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3D cell cultures could provide key avenues to unlocking critical information.
Pandemic shortage of test animals increased focus on alternatives, with renewed attention on approaches that had reliable supply infrastructure, could find failures sooner, and markedly reduced timelines and overall costs, while revealing fresh aspects of biology. So, what’s the holdup to widescale industrial adoption to 3D cell cultures? Other than being simply unproven, initial costs are much higher; learning or creating processes take more time, skill, and expertise; there exist no commonly agreed upon standards; and there is a lack of reproducibility. Additionally, for some applications, there were technical stumbling blocks. Efforts directed toward actual organoid replacements for heart, liver, or kidney necessarily required artificial vascularization to support tissue functions for processes such as cell feeding, oxygenation, and waste elimination. Without vascularization, those kinds of biological operations could only be performed through the very poor relative to vascularization, diffusion.
However, for other applications, a lack of vascularization actually more closely mimics the in vivo state of many cancer cells and tumor microenvironments. Furthermore, studies have also shown a difference in gene, protein, and cell receptor expression. These differences deliver more realistic responses to such key cell interrogations, and better elucidate roles and requirements for proliferation, angiogenesis, and chemosensitivity (1). Most impressively, only 3D cell cultures reflect the hierarchical structure and cellular heterogeneity that mirror in vivo cell morphology, cell-cell interactions, and diffusion barrier activities (2). The kinds of information most sought after, anyway.
What I would like to draw attention to is a small Israeli company called Tissue Dynamics LTS, who estimates (in a dramatic claim) that the company could cut drug development costs by 40–80%, and time required by 30–50% overall (3). Their approach is to ab initio embed sensors into the organoid while its being grown, which allows AI-driven computation to directly interrogate biology every step along the development process. “This allows the robot to start screening drugs against different models of disease. It can perform, by itself, safety assessments in the microtissues and identify the drug that works best and causes the least damage to human organs, and it does this extremely fast. We can do it in 19,000 tissue samples at once. It is the equivalent of [testing on] 5000 patients,” said Yaakov Nahmias, founder and chief scientific officer of Tissue Dynamics LTS (3).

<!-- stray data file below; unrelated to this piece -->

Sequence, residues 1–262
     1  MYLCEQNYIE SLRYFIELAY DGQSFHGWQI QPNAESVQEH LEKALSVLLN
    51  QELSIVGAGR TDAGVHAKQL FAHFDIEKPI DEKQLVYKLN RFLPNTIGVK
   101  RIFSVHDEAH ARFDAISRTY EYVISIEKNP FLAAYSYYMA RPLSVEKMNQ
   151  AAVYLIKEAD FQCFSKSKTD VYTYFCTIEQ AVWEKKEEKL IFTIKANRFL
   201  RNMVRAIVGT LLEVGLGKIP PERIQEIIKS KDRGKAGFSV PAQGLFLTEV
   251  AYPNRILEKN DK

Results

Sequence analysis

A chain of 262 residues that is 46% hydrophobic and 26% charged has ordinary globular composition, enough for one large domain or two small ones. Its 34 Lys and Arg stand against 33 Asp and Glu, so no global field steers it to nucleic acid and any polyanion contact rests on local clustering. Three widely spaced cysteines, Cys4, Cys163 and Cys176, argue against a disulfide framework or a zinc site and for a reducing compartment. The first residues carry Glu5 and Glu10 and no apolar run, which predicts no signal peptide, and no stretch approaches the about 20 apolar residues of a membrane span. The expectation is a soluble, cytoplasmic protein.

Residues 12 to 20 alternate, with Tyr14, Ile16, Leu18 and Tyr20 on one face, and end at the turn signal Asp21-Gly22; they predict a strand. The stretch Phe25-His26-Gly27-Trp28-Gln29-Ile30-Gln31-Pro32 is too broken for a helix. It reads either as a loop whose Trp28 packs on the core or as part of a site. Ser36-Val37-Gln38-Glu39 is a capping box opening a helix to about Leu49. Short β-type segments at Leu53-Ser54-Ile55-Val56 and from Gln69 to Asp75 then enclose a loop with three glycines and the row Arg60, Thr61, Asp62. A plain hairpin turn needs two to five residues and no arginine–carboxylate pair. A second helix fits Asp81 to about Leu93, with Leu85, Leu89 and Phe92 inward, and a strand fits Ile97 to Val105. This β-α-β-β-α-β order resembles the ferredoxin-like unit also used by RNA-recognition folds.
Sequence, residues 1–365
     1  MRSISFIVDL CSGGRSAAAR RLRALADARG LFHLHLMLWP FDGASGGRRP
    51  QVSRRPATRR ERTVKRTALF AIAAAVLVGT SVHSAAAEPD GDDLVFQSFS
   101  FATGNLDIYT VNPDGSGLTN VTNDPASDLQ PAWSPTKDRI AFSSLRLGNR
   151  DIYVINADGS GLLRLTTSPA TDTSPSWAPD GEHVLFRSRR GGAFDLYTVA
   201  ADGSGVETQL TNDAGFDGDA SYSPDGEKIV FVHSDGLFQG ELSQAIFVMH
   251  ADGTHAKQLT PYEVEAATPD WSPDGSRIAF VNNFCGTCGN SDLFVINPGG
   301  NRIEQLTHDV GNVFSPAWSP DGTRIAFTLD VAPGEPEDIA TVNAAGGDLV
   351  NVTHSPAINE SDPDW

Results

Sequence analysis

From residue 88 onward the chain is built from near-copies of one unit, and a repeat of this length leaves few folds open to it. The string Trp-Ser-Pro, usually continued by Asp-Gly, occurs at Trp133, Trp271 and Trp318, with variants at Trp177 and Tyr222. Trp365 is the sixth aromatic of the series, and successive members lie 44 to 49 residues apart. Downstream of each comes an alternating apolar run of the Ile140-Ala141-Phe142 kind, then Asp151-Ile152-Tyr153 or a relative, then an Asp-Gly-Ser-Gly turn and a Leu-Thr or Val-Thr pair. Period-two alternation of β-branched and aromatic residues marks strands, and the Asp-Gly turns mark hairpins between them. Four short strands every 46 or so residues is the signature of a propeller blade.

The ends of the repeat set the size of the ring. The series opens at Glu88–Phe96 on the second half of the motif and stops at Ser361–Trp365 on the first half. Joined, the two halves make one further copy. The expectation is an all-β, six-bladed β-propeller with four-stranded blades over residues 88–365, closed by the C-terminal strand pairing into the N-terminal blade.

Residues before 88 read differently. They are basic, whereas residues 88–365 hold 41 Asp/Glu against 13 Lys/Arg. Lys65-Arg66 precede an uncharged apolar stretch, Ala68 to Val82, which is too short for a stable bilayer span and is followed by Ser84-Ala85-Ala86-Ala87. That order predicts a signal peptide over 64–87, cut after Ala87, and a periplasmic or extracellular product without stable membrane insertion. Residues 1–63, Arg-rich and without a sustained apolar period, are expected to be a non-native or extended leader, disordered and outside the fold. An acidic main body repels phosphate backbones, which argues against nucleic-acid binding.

1. L. Gurski, et al., Oncol Issues 25:20–25 (2010).
2. A.W. Daus, P.G. Layer, C. Thielemann, Sensor Actuat B-Chem, 165:53–58 (2012).
3. Debbie Mohnblatt/The Media Line, “Israeli Biotech Company Says It Can Revolutionize Drug Development,” The Jerusalem Post, March 15, 2022.
Chris Spivey is the Editorial Director for Pharmaceutical Technology.
Vol. 46, No. 4
When referring to this article, please cite it as C. Spivey, “The Kinds of Information Most Sought After,” Pharmaceutical Technology 46 (4) 2022.